A carved stone pillar is shown on the beach in Victoria in this July 2020 handout photo. THE CANADIAN PRESS/HO - Royal BC Museum, Bernhard Spalteholz

Questions rock Royal B.C. Museum over authenticity of artifact recovered from Victoria beach

Songhees First Nation chief says museum assured him review underway after artist says work as his

The chief of a Victoria-area First Nation says he has the assurance of the Royal B.C. Museum that steps will be taken to determine how a carved stone pillar was deemed an Indigenous artifact perhaps dating back to the 1800s before a local man claimed it as his creation.

Ron Sam, chief of the Songhees First Nation, said in an interview he spoke with museum CEO Jack Lohman about the pillar that was found covered in algae last July along a beach below Beacon Hill Park in Victoria.

In a statement, Lohman said the museum’s Indigenous collections and repatriation department has been working closely with both the Songhees and Esquimalt First Nations to review and update its policies and procedures, “particularly with respect to historic works that surface or are excavated as part of local development projects.”

RELATED: Stone carving found on Victoria beach confirmed Indigenous ritual pillar

RELATED: Greater Victoria is an archeology hotspot, but it’s illegal to collect artifacts

Sam said the museum called him on the day the 100-kilogram carving was hauled from the beach by the museum’s archeology curator and two other men who used a refrigeration dolly to move it.

The pillar was recently featured on a local news station before it would be displayed, Sam said.

But doubt was cast on the find when a local artist came forward to several media outlets claiming ownership, saying he had photos of the piece he’d been carving on the beach before it disappeared. The artist couldn’t be reached for comment.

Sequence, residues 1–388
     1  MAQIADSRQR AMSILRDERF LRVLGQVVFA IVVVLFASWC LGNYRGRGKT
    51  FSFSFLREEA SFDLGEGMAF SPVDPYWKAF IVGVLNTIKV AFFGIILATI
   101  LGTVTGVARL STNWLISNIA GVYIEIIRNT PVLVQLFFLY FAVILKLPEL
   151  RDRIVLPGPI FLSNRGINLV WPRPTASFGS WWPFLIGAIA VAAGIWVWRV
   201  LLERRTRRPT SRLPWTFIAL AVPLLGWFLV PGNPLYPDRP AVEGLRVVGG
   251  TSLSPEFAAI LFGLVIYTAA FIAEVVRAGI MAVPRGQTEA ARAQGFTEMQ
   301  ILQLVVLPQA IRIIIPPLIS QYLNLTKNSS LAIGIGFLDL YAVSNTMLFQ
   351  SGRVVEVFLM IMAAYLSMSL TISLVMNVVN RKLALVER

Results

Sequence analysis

“Somewhere, somebody in the museum made the determination that yes, it’s 110 per cent a First Nations artifact,” Sam said.

Elders would have provided input into the find but have not been able to see it at the museum due to pandemic restrictions, he added.

“We haven’t engaged First Nations elders yet because we didn’t know exactly what we were dealing with,” he said. “It’s in the museum’s hands to work with the individual and determine how the conclusion was made.”

Grant Keddie, the museum’s archeology curator, did not wish to discuss the pillar.

Last week he said it might have stood near the edge of a cliff above the beach and may have come down in a landslide. He also said it could be the same one mentioned by Lekwungen elders to German-American anthropologist Franz Boas in the late 1800s.

Lou-ann Neel, acting head of the museum’s Indigenous collection and repatriation department, said news of the carving also came to light on Keddie’s blog, which she decided should be removed from the museum’s website for now.

“We were sharing some good news stories that we have with the Songhees and the Esquimalt people,” she said.

Chiefs of both First Nations saw the pillar separately at the museum in September and seemed to suggest it could be related to other locally found items, though it was still partly covered in seaweed so its features may have been hard to identify, she said.

“We realized we probably should have waited until we talked with the elders, but based on the initial feedback from the chiefs we’re also confident that this was from their traditions and that elders could verify it, that we would continue to do the work until we knew that for certain,” Neel said.

Keddie has worked with the First Nations for many years and seemed to have good reason to suggest the pillar was from the territory, she said.